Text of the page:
SEATTLE -- Aaron Walton and Ryan Cole were in Olympia in 2012 when the State Senate approved gay marriage. For the pair, it paved the way to their own union.
They became domestic partners two years ago.
"I've been wracking my brain for some creative ways to pop the question one of these days soon," said Walton.
"One of these days soon within two months," Cole soon responded from their Capitol Hill apartment.
On June 30th, whether they propose to each other or not, their domestic partnership will convert into marriage under state law.
"Marriage is wonderful and I'm glad we get this gift," said Cole, "At the end of the day, I just want to be accepted and loved for who I am."
Written into the legislation approved by voters with Referendum 74, nearly seven-thousand domestic partnerships will automatically become marriages next month. The change does not apply if one member of the couple is over 62-years-old.
The Secretary of State's office said Thursday 1,162 domestic partnerships were terminated, but 6,844 remain active.
"I think we're living in a time of a really changing landscape," said family law attorney Janet Helson, "LGBT couples live in a very complex environment and this is one piece of the complexity."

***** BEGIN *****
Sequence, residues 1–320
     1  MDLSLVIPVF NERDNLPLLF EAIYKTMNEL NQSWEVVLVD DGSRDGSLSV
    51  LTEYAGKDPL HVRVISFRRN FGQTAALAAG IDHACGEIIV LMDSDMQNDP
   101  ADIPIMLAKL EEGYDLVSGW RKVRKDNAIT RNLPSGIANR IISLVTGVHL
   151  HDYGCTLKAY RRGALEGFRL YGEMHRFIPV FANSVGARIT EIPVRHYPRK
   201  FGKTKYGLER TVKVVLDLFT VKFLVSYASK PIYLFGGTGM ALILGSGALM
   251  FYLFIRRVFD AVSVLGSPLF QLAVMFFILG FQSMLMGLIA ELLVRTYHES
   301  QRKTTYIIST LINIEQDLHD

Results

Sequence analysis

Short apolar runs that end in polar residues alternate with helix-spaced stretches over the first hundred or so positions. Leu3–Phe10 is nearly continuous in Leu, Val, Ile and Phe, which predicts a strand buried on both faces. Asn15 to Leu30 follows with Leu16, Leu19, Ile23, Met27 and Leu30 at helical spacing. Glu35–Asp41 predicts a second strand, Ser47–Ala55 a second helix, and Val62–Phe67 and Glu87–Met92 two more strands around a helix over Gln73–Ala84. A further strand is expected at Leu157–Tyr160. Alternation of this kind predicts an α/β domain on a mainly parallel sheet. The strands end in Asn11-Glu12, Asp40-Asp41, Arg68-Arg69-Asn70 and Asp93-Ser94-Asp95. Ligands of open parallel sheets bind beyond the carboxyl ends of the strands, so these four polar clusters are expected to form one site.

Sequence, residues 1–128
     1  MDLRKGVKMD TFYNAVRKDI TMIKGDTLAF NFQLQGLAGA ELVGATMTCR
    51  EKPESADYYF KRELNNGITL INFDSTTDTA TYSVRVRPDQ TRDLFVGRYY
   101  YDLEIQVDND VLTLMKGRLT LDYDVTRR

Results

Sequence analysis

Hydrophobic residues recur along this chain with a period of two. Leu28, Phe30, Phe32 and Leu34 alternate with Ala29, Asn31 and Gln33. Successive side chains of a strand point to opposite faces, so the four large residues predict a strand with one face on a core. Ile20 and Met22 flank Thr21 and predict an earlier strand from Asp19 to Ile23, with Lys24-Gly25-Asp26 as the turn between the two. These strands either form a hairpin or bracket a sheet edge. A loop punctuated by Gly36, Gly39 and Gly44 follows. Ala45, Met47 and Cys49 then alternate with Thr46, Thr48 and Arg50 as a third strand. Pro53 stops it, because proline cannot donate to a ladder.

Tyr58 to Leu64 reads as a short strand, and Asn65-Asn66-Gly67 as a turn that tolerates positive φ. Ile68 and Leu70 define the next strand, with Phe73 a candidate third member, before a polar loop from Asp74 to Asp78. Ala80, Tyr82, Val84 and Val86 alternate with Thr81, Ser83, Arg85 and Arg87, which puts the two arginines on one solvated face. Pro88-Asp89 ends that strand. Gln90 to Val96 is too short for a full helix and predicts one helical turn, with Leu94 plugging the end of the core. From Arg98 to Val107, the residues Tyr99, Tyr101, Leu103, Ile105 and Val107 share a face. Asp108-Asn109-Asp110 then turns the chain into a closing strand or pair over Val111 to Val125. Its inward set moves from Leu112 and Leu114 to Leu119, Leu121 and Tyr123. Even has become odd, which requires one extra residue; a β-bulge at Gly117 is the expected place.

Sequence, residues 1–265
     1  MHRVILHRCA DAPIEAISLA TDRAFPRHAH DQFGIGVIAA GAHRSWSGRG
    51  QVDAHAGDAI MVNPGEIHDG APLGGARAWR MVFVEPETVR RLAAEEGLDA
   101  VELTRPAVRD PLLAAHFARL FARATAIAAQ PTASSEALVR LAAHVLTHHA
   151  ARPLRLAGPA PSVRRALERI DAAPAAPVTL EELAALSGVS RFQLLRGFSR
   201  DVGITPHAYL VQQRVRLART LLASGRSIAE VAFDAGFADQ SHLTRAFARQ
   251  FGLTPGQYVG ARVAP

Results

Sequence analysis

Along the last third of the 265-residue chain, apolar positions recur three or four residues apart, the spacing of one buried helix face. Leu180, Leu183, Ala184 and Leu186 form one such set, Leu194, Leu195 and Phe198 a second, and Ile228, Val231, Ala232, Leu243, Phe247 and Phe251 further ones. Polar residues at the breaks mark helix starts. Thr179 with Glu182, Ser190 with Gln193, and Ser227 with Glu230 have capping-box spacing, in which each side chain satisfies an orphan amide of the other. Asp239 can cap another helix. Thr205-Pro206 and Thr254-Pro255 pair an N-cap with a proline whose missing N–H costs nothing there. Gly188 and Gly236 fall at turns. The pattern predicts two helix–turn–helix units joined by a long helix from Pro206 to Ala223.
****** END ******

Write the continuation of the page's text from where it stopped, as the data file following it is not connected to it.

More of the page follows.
Helson participated in a meeting Thursday night to educate gay couples on the changes once marriage kicks in. Most importantly, there are tax and financial implications within around one-thousand federal protections that take effect.
"We really want to get the word out there," said Helson, "You might get married."
Cole and Walton plan to let the state marry them, partially because it cuts the cost of applying for a marriage license, but mostly because they are in no rush. They have no doubt of their desire to be wed, but another same-sex couple is getting married first, and it includes Cole's sister.
"This is who I'm going to spend the rest of my life with," said Walton, "Marriage is happening and I never thought it was going to."
Related links from the Secretary of State's Office: